@Anonymous_Curious: You have the same problem as expanding a function in Taylor series. In the absence of rigor about convergence, you just compare numerically successive terms in the absolute values. If they are decreasing, you may estimate what precision you are getting. Physically, if the initial approximation captures well the physics, the higher orders only modify it numerically. If not, the higher orders may indeed bring "new physics".

By "terminating diagrams" you mean truncating the series, don't you?

Note that this is not just reproduction. If you reproduced a few numbers correctly by some approximation scheme you may be reasonably confident that the other stuff you predict with the same approximation scheme at similar energies will be of similar accuracy. 

It is similar to the situation in QED. Here theory alone is unpredictive, as one needs two numbers $e$ and $m$ from experiment. Once these are known, everything else can be predicted well. 

In applications where the approximations are less favorable than in QED one needs more experimental data that free constants in the theory. But suppose the theory has only 2 constants and you can choose these to reproduce 5 experimental values with 5% accuracy, your scheme is likely to be accurate to about 5% even for the observables where no experimental values are available, as long as the orders of magnitude of the computations remain the same.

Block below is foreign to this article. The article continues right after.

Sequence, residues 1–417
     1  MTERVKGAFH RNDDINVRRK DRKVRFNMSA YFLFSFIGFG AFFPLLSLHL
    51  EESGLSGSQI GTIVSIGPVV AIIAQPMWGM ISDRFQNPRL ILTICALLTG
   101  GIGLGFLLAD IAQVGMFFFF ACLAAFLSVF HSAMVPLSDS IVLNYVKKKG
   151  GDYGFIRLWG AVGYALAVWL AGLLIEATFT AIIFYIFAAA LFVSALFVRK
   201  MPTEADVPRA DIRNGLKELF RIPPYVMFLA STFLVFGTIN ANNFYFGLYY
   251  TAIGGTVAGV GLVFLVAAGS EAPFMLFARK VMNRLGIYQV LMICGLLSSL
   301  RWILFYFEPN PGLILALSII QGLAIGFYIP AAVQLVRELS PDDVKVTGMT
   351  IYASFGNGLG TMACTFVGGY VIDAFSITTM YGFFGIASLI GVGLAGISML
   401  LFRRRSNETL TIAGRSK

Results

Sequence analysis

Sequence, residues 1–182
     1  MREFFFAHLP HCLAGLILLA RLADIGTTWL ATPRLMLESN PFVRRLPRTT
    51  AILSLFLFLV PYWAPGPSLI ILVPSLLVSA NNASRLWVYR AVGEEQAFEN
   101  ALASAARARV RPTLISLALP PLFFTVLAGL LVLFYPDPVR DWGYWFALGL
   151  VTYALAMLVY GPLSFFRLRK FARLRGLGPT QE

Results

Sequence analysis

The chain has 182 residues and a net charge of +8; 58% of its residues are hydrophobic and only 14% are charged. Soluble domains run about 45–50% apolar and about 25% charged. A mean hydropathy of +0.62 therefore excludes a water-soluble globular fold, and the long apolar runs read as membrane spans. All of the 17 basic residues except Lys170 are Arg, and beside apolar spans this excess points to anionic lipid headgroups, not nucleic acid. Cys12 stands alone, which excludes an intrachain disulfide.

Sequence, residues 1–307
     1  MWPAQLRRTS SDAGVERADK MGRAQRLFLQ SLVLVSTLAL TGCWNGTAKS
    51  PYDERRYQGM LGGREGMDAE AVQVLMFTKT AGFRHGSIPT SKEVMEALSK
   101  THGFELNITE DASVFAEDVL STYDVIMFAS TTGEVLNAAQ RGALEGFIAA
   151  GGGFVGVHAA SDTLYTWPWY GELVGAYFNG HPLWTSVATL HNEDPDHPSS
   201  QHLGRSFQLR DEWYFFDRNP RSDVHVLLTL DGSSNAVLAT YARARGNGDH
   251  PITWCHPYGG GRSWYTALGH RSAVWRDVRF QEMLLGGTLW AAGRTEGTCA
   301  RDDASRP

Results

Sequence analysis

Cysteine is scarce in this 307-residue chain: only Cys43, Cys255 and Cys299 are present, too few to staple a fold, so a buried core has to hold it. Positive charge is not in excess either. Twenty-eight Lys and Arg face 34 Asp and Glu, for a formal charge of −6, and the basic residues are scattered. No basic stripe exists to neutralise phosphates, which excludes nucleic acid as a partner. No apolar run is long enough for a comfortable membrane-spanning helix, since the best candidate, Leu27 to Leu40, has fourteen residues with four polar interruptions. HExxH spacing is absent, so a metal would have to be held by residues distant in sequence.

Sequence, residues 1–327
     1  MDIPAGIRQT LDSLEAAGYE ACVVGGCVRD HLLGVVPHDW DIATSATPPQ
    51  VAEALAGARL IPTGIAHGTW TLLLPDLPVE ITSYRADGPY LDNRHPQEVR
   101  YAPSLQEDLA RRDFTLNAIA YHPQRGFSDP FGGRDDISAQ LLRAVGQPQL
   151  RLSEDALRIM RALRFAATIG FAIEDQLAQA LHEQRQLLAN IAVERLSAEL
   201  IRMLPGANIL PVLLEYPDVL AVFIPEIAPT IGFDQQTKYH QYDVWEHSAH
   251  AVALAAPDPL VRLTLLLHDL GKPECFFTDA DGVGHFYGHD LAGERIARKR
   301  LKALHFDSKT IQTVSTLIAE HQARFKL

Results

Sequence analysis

Most recent comments show all comments

Also, a second issue is - since you assert that that NNLO is smaller than NLO can not be rigorously proved in general for ChiPT, how does one know that NNLO is only adding more decimal places to a NLO result which reproduces experimental numbers. What if NNLO coughs up some interesting Physics which we disregard with no justification?

Thanks in advance (and sorry, I am unable to vote up your answer - probably because of insufficient score points.)

Thank you Arnold, and @VladimirKalitvianski for the valuable insights. Many thanks :)